“Ohio State athletics is amongst the best in the country, particularly the football program which is steeped in tradition. From generations of national championships to Heisman Trophy legends like two-time winner Archie Griffin. Fans are brought up in Ohio State sports much like a religion.”
I know this won’t be a surprise to regular LGHL visitors, but Ohio State now officially has the best fans in the country. According to FanSided, based on an evaluation of longevity, size, buzz, and passion, Buckeye Nation was the best fanbase in the country this year.
In second place was the Alabama Crimson Tide, followed by the Notre Dame Fighting Irish, North Carolina Tar Heels, and Oklahoma Sooners. Other Big Ten teams making the top-24 were Penn State (10), Michigan (11), Wisconsin (13), and Nebraska (23).
Clearly this list is heavily weighted towards the football side of the equation, but with perennial basketball power UNC in the top-five, and Kentucky (6), Duke (7), and Kansas (12) also in the mix, obviously other sports were factored in as well.
With Chris Holtmann seemingly bringing energy and excitement back into the basketball program, there’s no reason that Ohio State shouldn’t be at the top of this list year-in and year-out.
While there are always the pessimistic fans on social media, and the obnoxious attention-seeking fans directly in front of the cameras (I’m looking at you Buck-I-Guy and Mr. Big Nut), for the most part, the Buckeye fandom is a great group of knowledgable, passionate, dedicated fans. Go Bucks!
“Tennessee’s buyout to Schiano in the event of a standard firing would’ve been 75 percent of the remaining money on his deal, according to the MOU obtained by 247. If Schiano were to sue Tennessee and prove that the deal was binding in court, that’d leave him slated to receive more than $20 million.”
I’m no legal scholar, but it seems to me that Greg Schiano has at least a good enough case to put a lot of pressure on the University of Tennessee. Whether there was one signature or three on the memorandum of understanding, UT made a commitment to the Ohio State defensive coordinator and then backed out because it was too afraid of its delusional fanbase to stand up for its decision.
It could be argued that the botched hiring has permanently damaged Schiano’s ability to be hired as a head coach, and therefore, if he does decide to pursue all, or a portion, of the money that he was originally promised, it would be a compelling case.
Would he win if it went to trial? I have no idea, but with all of the money that the university will have to pay to former coaches and ADs, it might want to cut its losses and just reach a mutually beneficial settlement with Schiano.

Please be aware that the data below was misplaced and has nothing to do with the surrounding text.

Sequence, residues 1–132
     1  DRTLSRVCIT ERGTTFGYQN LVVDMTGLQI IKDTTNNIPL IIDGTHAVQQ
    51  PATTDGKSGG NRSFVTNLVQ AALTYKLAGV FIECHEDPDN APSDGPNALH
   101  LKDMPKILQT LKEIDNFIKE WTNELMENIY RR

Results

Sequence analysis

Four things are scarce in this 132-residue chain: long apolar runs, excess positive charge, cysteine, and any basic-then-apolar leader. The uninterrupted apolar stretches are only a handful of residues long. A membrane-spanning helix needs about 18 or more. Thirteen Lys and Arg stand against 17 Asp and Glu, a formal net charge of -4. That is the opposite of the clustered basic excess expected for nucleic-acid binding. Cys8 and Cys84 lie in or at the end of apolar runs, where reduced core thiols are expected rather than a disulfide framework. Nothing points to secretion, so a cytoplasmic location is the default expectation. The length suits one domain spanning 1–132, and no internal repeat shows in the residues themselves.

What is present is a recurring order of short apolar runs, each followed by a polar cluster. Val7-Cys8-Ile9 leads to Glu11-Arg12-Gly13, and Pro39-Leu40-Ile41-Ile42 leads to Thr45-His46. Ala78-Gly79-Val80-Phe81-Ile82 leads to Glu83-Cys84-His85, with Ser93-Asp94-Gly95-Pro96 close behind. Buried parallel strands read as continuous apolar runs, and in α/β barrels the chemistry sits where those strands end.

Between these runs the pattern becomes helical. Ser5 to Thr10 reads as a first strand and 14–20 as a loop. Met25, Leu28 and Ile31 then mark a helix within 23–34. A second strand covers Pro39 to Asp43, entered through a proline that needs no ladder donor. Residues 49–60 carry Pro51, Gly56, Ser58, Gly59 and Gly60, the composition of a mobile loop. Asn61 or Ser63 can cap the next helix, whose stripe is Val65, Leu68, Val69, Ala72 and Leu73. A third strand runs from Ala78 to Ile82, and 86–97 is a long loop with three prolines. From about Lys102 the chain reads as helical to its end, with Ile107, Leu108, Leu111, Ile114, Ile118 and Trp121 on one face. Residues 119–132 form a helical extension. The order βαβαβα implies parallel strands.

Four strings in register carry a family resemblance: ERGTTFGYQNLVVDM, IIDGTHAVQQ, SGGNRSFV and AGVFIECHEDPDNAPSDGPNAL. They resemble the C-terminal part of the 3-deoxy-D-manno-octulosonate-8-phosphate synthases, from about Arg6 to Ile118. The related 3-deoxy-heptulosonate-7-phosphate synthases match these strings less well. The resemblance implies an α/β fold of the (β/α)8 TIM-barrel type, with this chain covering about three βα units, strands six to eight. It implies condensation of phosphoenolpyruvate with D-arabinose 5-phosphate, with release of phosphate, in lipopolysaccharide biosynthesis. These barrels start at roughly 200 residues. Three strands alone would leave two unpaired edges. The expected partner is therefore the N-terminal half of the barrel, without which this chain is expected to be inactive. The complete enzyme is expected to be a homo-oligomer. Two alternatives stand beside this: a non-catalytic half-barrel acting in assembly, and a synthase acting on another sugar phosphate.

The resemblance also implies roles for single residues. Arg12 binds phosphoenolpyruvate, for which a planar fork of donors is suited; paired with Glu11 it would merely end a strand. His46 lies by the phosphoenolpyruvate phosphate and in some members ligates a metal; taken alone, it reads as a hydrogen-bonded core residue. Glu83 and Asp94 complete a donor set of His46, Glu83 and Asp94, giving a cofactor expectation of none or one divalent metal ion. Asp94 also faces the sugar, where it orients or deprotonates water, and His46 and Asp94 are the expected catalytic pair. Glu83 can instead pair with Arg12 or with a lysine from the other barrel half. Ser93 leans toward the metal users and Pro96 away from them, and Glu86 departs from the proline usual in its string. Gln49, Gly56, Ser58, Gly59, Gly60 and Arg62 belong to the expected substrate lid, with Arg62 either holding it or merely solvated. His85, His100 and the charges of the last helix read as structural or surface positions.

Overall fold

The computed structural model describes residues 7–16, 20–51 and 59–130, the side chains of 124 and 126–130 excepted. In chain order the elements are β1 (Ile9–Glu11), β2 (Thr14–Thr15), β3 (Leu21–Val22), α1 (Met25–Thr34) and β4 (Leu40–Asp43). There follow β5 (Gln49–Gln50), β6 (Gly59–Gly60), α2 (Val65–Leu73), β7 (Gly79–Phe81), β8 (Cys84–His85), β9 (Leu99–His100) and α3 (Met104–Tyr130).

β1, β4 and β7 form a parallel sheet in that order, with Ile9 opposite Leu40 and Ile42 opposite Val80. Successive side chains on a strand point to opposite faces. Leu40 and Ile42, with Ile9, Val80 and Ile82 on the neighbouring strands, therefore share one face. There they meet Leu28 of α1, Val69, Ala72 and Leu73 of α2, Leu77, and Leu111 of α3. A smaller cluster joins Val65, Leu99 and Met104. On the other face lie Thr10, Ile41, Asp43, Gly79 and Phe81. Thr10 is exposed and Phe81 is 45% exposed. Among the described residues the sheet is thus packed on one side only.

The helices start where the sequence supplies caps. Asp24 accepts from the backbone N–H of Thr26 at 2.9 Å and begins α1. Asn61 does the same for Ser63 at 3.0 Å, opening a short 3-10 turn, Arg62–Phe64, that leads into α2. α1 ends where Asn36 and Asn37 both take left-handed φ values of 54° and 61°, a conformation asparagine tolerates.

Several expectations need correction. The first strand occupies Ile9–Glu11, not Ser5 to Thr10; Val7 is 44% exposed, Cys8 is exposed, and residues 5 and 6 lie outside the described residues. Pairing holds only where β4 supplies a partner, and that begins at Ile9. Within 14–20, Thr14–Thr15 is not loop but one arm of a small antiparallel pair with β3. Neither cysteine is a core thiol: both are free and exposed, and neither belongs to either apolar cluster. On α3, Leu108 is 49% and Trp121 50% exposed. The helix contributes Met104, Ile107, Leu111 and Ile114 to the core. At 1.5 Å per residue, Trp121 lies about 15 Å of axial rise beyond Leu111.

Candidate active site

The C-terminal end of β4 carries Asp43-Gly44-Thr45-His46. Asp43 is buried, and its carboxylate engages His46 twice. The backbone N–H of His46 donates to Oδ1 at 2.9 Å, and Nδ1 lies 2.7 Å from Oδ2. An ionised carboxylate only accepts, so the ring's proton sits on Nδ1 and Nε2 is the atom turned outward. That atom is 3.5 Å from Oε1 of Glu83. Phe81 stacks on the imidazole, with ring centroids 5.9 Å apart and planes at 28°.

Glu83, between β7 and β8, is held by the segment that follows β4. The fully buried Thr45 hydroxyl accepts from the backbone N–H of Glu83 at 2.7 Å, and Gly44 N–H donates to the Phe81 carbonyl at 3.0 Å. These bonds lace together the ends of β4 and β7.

That being said, it likely means that the maligned coach is staying put in Columbus at least for another year, if not the foreseeable future, and based on the statistical output that his defenses have achieved in the past two years, that is probably a good thing for the Buckeyes.
“The university made $1,353,108 in total net revenue from 2017 beer sales in Ohio Stadium, according to public records. It is a 13.8 percent increase from the $1,166,497 generated in 2016 — the first year the ‘Shoe implemented stadium-wide beer sales.”
Newsflash, sports fans like to drink beer, and sometimes that enjoyment leads to bad behavior. In the second year that Ohio State has allowed beer sales throughout Ohio Stadium, the university saw a 13.8 percent increase in sales, while also seeing an increase of 77 percent in terms of the arrests at games throughout the year.
In Myers’ article, he notes that most of the arrests were not violent, and didn’t result in someone being taken to jail. Instead, it was generally underage fans attempting to purchase alcohol. Those fans were simply given a summons to appear in court.
To combat students purchasing multiple beers and giving them to underage friends, vendors in the south stands only sold a single beer per ID, but that clearly didn’t stop underage fans from trying to get creative.
Fortunately, the booze sales go directly to funding four new University Police officers and increased security around campus, as well as “supporting Ohio State’s Higher Education Center for Alcohol and Drug Misuse Prevention and Recovery.”
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